Both Whistler and Blackcomb Mountain on their own would top the list of North American ski resorts by reputation. Combine them, and Whistler Blackcomb provides riders with over 200 trails, 3 glaciers, plus hundreds of restaurants, bars and après spots to warm your baubles after a long day on the slopes. For those less familiar with skiing terms, ‘apres’ (meaning ‘after’) is the glorious time after the skiing in which revellers begin the party. (Essentially, ‘apres’ is just an excuse to start drinking at 4pm!) With this ice cool selection of things to do in Whistler, it’s no wonder that this Canadian gem is the hottest place to visit this winter!
So, why do people fall in love with Whistler?
First off, the conditions are unparalleled in North America with Whistler Blackcomb enjoying around 460 inches of snow annually. Whistler’s not really the place for the perfectly coiffed, high-maintenance type. Less about a good ‘gram and more about a good time, Whistler is a casual yet lively, ‘let-the-good-times-roll’ sort of place with a thriving local community that make it the friendly and full-of-character resort that it is. With awesome hostels proving that you actually can have a ski holiday on a budget, really, there’s snow excuse not to visit!
Read on for the low-down on Whistler Blackcomb hot spots for eating, drinking and most importantly, après(ing?)
Where to stay in Whistler
Once an industrial park on the outskirts of town, Function Junction is now a vibrant art and cultural community. It is also home to Whistler Brewery Co., where you can take a beer-tasting tour of the brewery (I recommend the Mountain Lager, which can be found and consumed all over the resort!) Function Junction is also where you can find the Re-use It Centre, a thrift store full of hidden treasures for crazy low prices. If you like an off the beaten track vibe, Function Junction is most definitely for you!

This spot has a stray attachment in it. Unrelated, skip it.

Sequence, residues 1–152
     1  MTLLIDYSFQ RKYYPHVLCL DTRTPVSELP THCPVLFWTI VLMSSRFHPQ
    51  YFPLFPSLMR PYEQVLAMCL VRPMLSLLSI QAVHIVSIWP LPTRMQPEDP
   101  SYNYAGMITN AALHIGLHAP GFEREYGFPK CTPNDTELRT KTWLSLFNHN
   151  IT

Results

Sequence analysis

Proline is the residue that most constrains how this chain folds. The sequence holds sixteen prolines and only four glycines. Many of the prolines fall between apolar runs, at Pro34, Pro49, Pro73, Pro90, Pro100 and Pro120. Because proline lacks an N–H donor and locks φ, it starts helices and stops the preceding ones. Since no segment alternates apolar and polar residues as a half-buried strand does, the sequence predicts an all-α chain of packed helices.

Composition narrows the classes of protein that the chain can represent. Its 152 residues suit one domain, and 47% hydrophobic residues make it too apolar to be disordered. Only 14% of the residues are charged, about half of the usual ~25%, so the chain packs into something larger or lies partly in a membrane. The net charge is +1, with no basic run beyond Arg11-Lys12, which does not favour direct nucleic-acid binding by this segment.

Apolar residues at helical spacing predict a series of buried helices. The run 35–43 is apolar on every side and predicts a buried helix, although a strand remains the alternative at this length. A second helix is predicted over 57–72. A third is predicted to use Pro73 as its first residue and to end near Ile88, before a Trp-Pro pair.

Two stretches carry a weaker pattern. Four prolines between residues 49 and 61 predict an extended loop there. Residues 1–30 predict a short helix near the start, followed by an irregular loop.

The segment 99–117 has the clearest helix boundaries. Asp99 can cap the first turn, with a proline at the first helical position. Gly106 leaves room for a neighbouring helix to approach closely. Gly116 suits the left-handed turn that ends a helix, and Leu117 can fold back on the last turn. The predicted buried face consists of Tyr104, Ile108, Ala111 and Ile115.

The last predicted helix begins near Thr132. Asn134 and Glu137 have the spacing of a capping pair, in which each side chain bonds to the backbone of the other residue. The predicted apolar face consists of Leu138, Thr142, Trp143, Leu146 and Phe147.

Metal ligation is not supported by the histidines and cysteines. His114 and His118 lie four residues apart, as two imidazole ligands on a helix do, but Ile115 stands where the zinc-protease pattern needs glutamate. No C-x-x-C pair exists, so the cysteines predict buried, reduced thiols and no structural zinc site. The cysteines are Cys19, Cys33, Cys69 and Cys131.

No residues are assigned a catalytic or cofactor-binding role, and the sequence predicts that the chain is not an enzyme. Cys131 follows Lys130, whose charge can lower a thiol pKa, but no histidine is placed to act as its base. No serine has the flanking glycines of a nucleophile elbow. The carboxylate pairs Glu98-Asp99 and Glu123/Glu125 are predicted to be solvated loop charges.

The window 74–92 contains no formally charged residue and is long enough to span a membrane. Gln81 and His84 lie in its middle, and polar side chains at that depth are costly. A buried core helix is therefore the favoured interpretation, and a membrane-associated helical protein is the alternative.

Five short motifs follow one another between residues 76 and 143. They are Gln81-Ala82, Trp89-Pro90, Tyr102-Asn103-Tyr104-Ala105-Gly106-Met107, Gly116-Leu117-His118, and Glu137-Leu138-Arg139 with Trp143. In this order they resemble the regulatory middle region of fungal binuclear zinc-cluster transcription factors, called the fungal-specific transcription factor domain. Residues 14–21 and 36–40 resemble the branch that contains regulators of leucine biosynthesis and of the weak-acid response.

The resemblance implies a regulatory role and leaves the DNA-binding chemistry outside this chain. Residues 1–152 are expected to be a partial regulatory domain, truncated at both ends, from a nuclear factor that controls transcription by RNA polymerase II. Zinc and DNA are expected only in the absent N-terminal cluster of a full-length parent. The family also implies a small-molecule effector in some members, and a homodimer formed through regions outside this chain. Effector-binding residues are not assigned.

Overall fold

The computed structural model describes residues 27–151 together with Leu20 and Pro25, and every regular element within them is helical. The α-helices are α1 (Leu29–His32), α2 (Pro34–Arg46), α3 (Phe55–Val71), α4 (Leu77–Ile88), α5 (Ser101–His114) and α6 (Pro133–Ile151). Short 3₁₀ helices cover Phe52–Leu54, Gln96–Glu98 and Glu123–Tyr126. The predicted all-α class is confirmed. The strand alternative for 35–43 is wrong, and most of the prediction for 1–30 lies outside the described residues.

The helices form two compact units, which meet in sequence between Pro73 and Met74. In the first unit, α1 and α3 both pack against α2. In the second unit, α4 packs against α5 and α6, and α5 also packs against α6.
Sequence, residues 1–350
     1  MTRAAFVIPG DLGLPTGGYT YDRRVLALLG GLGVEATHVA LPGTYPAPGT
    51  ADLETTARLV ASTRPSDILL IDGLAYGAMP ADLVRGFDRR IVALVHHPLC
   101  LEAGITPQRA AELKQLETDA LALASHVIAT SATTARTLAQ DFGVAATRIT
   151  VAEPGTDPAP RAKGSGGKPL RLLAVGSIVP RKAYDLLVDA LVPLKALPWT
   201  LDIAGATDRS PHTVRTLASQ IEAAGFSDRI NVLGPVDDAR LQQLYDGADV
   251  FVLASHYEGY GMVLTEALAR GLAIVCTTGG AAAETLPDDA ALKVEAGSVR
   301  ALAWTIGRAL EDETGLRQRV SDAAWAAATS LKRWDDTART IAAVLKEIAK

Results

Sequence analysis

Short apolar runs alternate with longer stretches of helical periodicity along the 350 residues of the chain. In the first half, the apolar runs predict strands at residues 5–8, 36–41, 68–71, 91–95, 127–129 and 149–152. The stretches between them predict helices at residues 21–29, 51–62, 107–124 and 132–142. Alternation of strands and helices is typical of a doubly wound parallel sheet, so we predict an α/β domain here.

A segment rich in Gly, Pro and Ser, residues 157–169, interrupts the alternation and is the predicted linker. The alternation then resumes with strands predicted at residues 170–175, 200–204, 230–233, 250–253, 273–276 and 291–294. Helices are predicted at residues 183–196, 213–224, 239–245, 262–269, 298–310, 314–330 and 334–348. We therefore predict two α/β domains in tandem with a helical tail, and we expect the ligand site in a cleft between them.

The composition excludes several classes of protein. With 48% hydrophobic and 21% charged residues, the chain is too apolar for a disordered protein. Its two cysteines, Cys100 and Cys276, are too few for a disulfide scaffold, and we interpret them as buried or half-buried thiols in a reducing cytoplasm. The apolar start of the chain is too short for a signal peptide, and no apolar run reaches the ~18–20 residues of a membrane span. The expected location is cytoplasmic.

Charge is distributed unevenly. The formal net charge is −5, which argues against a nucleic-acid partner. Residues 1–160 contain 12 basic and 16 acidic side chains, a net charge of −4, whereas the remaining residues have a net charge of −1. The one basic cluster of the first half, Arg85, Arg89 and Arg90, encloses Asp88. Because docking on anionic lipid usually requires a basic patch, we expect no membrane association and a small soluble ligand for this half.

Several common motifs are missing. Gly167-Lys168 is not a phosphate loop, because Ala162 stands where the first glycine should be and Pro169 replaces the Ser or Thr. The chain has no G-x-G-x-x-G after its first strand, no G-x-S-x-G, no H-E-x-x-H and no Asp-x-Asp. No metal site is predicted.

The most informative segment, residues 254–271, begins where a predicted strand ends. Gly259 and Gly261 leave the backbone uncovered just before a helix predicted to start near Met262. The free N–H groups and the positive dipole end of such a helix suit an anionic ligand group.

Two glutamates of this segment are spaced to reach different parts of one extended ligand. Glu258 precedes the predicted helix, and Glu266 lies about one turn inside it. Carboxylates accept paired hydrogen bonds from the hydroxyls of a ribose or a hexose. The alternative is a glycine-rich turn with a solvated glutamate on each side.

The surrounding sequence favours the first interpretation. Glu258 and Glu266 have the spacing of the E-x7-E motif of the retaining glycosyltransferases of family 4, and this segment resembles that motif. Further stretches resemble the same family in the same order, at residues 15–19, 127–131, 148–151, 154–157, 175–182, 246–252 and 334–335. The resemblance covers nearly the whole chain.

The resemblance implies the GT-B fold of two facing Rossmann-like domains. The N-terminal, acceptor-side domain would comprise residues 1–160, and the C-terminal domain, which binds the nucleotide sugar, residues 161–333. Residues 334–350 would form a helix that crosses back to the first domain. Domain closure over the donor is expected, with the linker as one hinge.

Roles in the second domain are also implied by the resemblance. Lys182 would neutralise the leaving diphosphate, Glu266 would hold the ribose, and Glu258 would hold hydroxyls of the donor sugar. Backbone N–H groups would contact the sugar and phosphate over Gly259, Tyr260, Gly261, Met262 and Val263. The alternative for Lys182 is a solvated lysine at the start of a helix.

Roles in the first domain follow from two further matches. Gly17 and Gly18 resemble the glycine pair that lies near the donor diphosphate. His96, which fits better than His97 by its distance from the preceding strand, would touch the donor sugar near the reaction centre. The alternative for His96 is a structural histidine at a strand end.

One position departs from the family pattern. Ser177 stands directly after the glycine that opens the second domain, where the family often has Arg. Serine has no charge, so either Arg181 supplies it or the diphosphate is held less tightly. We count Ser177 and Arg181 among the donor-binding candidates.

HI Whistler is the best place to stay for those wanting to explore the edgy charms of Function Junction! HI Whistler is a super modern hang out and hostel boosting an onsite bar serving local beers and ciders. Take your pick from a private or dormroom and get ready to relax.
If you’re looking to stay in the heart of Whistler Blackcomb resort, you want Whistler Village. Here you’ll find the largest selection of restaurants and bars, and gain direct access up Whistler and Blackcomb mountains without the need for a bus ride or a long snowy trek. Whistler Village is also home to the Olympics Rings from the 2010 Winter Olympic Games, which have been subject to many a classic photo op.
Upper Village (Blackcomb)
Upper Village, aka Blackcomb, is the more high-end side of town, full of fancy folk (oh darling!) Beautiful and a short walk from Whistler Village, Upper Village is a little quieter and has ski-in/ski-out options unlike Whistler Village.
Once the alternative option, Creekside has become one of the three main hubs in the resort, attracting a younger crowd, both season workers and tourists, and offering hostel accommodation and a free shuttle to the Village. Not that you’ll need it in the morning, just jump on the Creekside Gondola then take Big Red straight to the Roundhouse (see below).
Southside Lodge is a charming hostel lodge right in the heart of Creekside and perfect for anyone who wants to roll out of bed onto the slopes!
Where to ski in Whistler